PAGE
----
Also related is the modern Hebrew word for pedal - davsha דושא, although the original Aramaic (as in Shabbat 81b) just meant "treading." This is a good example of modern Hebrew taking somewhat archaic Aramaic words and giving them new life in the revived language.

While the verb dash דש means "he tread", the abbreviation da"sh  ד"ש is unrelated - it is an acronym for דרישת שלום - (sending) regards. However, just like porridge, it is best served warm - so you will frequently hear the request, "please send dash cham ד"ש חם!"

Thursday, March 02, 2017


We are approaching the holiday of Purim, where the megillah is read in most cities on the 14th of Adar, but in walled cities it is read on the 15th. One of the terms for a walled city is krach כרך.

Until very recently, I would have told you that the origin of that word was fairly obvious. The root כרך means  to "bind, wrap, surround." The binding of a book is kricha כריכה, and so an individual volume in a series of books is kerech כרך. In the Pesach seder we read about how Hillel would wrap his matza (clearly not the hard matza eaten by most Ashkenazi Jews today), maror and the sacrificial meat. That wrapping - which today we duplicate by eating matza and maror together - is called korech כורך. From here we get the official word for sandwich in modern Hebrew - karich כריך.

So I assumed (as Klein writes) that a krach is so called because the walls surround it. However, I recently started studying the Talmudic tractate Megilah, and on the first page, Steinsaltz notes that a krakh is a large, generally walled city. He mentions the theory that it derives from the root כרך as we mentioned before, but only as the second possibility. The first possibility I had never heard before.

This theory (also brought first by Even Shoshan) says that krach derives from the Greek charax, meaning a fortification - a location defended by reinforcing walls. There were many places known as Charax in the Greek world, some of which can be found here. The word charax originally meant the pointed stake used to make the walls, and later came to mean the fortification itself. In this way it is very similar to the word palisade, which means a "a fence of wooden stakes forming an enclosure" but originally meant the stake itself. In fact, many translate charax, and even krach, as palisade. (A synonym of palisade is rampart, and after looking that up I now know what that line meant in the Star Spangled Banner.)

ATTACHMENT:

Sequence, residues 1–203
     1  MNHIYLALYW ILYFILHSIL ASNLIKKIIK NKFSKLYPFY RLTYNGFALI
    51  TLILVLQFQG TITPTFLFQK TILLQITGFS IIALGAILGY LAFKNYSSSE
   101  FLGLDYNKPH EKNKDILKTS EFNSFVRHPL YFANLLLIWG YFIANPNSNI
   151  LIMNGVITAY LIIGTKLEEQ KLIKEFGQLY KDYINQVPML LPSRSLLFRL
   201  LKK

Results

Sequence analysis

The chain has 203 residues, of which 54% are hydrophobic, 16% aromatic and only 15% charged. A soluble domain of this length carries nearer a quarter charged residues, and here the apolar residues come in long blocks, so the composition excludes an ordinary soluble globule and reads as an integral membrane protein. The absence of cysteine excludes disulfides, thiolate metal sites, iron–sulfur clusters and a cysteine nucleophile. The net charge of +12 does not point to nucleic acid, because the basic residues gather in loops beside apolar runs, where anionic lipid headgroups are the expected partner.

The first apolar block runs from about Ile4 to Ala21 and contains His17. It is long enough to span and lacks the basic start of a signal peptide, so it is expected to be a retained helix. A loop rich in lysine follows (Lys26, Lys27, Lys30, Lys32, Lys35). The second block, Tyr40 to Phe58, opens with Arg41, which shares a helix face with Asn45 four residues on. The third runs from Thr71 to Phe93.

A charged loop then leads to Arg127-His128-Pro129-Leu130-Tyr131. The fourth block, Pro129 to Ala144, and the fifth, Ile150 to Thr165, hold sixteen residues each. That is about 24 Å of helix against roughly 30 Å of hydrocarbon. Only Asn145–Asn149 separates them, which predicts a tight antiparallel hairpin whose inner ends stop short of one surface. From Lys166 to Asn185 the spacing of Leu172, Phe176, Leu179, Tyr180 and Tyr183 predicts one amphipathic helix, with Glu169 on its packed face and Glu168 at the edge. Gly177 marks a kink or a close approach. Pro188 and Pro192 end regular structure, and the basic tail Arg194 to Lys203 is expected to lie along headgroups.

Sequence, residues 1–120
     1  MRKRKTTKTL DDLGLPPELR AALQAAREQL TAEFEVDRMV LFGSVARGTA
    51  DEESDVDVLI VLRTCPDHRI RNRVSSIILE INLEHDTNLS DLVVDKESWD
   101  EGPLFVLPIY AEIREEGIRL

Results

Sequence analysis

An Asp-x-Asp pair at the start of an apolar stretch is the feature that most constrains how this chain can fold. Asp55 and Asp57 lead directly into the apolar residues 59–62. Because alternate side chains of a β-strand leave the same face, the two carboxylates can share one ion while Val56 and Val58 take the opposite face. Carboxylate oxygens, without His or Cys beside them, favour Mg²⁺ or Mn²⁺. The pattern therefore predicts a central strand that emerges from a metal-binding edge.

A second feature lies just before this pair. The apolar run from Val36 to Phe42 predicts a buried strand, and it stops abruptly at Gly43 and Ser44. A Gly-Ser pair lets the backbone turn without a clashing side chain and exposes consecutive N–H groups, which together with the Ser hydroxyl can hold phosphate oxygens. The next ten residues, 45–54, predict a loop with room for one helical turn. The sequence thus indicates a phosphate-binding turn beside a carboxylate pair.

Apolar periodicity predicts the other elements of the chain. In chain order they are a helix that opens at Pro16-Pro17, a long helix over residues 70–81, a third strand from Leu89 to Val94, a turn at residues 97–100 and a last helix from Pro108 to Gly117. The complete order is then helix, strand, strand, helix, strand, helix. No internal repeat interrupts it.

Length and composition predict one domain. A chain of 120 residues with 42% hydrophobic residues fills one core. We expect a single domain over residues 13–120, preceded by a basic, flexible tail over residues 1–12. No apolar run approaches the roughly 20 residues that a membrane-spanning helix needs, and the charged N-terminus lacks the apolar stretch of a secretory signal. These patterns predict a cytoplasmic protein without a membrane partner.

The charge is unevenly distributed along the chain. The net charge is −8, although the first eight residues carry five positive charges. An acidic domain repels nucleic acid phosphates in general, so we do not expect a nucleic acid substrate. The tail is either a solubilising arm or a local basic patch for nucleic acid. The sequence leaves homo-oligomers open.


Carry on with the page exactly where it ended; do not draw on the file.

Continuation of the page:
A couple of familiar English words are cognate with charax. One that sounds similar, but with an unusual etymology is "character":

mid-14c., carecter, "symbol marked or branded on the body;" mid-15c., "symbol or drawing used in sorcery," from Old French caratere "feature, character" (13c., Modern French caractère), from Latin character, from Greek kharakter "engraved mark," also "symbol or imprint on the soul," also "instrument for marking," from kharassein "to engrave," from kharax "pointed stake," from PIE root *gher- (4) "to scrape, scratch." Meaning extended in ancient times by metaphor to "a defining quality."

A less obvious cognate is "gash":

1540s, alteration of Middle English garce "a gash, cut, wound, incision" (early 13c.), from Old North French garser "to scarify, cut, slash" (Old French *garse), apparently from Vulgar Latin *charassare, from Greek kharassein "engrave, sharpen, carve, cut," from PIE *gher- (4) "to scrape, scratch"

In this case, the foreign etymology of krach seems more convincing to me, although I'm sure most Hebrew speakers would find it difficult to believe. Perhaps to educate them, we can start calling the stake-like toothpick or skewer (used to hold a karich together) a karach?